Sustainable Development Goals
Financing the SDGs
Achieving the SDGs by 2030 requires increased investment and funding of projects and programs that can achieve true, lasting social and environmental change. The global pandemic has made this even more important.
Innovative and forward-thinking businesses, governments and philanthropic foundations will support start-ups, service providers and entrepreneurs who can demonstrate that their ideas will have real impact on the wellbeing of people and our planet. As this investment flows into on-the- ground change, social, environmental and economic benefits for everyone.
This session will provide examples of programs that can make real change and will discuss the partnerships needed to ensure their success.
Zarmeen Pavri, Partner, SDGx, Senior Advisor (Australia/NZ), Global Impact Investing Network and Non-Executive Director, U Ethical Investment Management
Zarmeen is a Partner at SDGx, a technology investment management and advisory group, focused on solutions that address the SDGs. She has over 25 years’ experience within the investment management, ESG, impact advisory, product development and commercialisation. Zarmeen was the Fund Manager for Department of Foreign Affairs and Trade’s (DFAT) $20m social impact innovation and the specialist impact investment adviser to DFAT’s LAUNCH Food Program.
Elyse Sainty, Director, Impact Investing, Social Ventures Australia
Elyse has been at the forefront of the development of Social Impact Bonds and outcomes-based contracting in Australia for almost a decade. She leads SVA’s work in this space and has been instrumental in the development of each of the 8 SIBs that SVA has launched to date. She has also provided advisory support to a range of governments and service delivery organisations implementing outcomes-based contracts. Elyse is a firm believer that the effort involved in putting together these transactions is worth it, as they force a deeper understanding of the drivers and cost of disadvantage, illuminate ‘what works’, and create partnerships with a meaningful and clear common purpose. Elyse’s thought leadership has been recognised through an Australian Impact Investment Outstanding Achievement Award.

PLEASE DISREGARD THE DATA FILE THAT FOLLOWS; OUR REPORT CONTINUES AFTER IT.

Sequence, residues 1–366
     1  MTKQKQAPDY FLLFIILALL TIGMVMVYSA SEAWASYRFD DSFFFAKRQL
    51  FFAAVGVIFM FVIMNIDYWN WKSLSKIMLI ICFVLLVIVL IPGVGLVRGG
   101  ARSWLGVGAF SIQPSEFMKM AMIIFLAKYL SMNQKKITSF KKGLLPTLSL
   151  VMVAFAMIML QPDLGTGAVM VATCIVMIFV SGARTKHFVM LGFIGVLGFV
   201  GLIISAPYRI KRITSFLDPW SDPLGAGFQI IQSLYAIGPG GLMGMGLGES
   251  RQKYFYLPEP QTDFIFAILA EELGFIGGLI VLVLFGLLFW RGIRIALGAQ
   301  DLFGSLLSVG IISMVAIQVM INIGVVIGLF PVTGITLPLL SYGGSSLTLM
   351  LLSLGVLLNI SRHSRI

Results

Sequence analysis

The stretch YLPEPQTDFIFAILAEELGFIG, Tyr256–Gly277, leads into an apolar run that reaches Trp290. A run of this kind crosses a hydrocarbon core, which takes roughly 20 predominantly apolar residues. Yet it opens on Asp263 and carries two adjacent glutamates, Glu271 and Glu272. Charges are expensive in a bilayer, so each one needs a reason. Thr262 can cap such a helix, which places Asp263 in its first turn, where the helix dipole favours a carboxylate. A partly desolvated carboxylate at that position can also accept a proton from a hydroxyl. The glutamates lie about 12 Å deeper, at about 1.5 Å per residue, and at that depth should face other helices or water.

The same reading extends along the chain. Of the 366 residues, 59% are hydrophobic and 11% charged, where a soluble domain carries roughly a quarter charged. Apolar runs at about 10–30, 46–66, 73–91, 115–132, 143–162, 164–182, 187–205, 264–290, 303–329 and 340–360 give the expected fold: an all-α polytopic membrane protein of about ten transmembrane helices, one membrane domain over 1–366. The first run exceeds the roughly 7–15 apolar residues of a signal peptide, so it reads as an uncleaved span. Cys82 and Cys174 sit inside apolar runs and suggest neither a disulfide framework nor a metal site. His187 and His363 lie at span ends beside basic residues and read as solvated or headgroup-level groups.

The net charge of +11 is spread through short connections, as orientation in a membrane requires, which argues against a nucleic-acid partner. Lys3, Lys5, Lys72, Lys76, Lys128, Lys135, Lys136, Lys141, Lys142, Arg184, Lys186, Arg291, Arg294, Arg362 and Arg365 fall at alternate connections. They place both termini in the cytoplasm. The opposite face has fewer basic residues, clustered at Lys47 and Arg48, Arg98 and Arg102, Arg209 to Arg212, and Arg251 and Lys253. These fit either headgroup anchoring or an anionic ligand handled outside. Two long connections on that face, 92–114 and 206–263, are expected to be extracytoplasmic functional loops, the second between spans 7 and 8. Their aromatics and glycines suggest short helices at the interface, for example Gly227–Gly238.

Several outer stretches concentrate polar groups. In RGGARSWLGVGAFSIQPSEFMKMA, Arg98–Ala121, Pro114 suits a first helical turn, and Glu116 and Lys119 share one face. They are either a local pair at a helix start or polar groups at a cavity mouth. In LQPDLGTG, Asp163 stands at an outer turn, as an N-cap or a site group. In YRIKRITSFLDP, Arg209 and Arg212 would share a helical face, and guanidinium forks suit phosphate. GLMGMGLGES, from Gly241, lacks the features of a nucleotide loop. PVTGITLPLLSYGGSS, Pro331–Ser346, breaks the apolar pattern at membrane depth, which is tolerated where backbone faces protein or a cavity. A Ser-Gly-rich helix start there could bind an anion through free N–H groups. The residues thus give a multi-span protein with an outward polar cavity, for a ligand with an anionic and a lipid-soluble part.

Nicole Battle, President, Australian Neighbourhood Houses and Centres Association
Nicole has been ANHCA President since 2019 and CEO of Neighbourhood Houses Victoria since May 2018. She is responsible for overseeing overall strategic operations and providing effective leadership for the sector. This includes ensuring a strong culture of governance and accountability and advocating to government and other external stakeholders to ensure the sustainability of the neighbourhood house sector now and into the future. Nicole previously worked in senior local government and not for profit sector roles as well as teaching politics and gender studies at Melbourne University.
Sustainable Development Goals
COVID-19 has pushed global health and its links to climate change, security, development and economic stability to the forefront. At a time when rapid economic, environmental and social change have made public health more complex, innovation and technology are providing hope for future affordable, accessible solutions.
This session will talk about the challenges across our region including non-communicable diseases, threats to health security and ongoing lack of access to universal health care and the partnerships to drive reform.